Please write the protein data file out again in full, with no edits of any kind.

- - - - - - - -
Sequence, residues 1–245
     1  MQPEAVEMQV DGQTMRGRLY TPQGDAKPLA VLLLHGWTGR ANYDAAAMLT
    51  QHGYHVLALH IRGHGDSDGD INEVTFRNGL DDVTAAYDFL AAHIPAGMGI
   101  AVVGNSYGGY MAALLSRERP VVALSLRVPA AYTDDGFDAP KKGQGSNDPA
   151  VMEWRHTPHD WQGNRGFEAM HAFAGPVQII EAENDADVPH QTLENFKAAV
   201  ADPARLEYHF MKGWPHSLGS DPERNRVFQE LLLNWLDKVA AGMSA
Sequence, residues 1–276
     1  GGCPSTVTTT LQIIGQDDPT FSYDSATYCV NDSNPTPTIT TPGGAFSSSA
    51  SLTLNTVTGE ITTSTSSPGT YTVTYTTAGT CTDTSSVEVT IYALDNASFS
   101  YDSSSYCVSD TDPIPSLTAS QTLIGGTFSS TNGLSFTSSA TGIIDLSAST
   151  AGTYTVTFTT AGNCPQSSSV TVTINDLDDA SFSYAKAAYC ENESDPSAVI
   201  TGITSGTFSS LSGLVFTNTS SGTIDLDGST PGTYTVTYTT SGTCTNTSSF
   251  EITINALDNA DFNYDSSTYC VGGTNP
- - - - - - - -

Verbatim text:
Sequence, residues 1–245
     1  MQPEAVEMQV DGQTMRGRLY TPQGDAKPLA VLLLHGWTGR ANYDAAAMLT
    51  QHGYHVLALH IRGHGDSDGD INEVTFRNGL DDVTAAYDFL AAHIPAGMGI
   101  AVVGNSYGGY MAALLSRERP VVALSLRVPA AYTDDGFDAP KKGQGSNDPA
   151  VMEWRHTPHD WQGNRGFEAM HAFAGPVQII EAENDADVPH QTLENFKAAV
   201  ADPARLEYHF MKGWPHSLGS DPERNRVFQE LLLNWLDKVA AGMSA
Sequence, residues 1–276
     1  GGCPSTVTTT LQIIGQDDPT FSYDSATYCV NDSNPTPTIT TPGGAFSSSA
    51  SLTLNTVTGE ITTSTSSPGT YTVTYTTAGT CTDTSSVEVT IYALDNASFS
   101  YDSSSYCVSD TDPIPSLTAS QTLIGGTFSS TNGLSFTSSA TGIIDLSAST
   151  AGTYTVTFTT AGNCPQSSSV TVTINDLDDA SFSYAKAAYC ENESDPSAVI
   201  TGITSGTFSS LSGLVFTNTS SGTIDLDGST PGTYTVTYTT SGTCTNTSSF
   251  EITINALDNA DFNYDSSTYC VGGTNP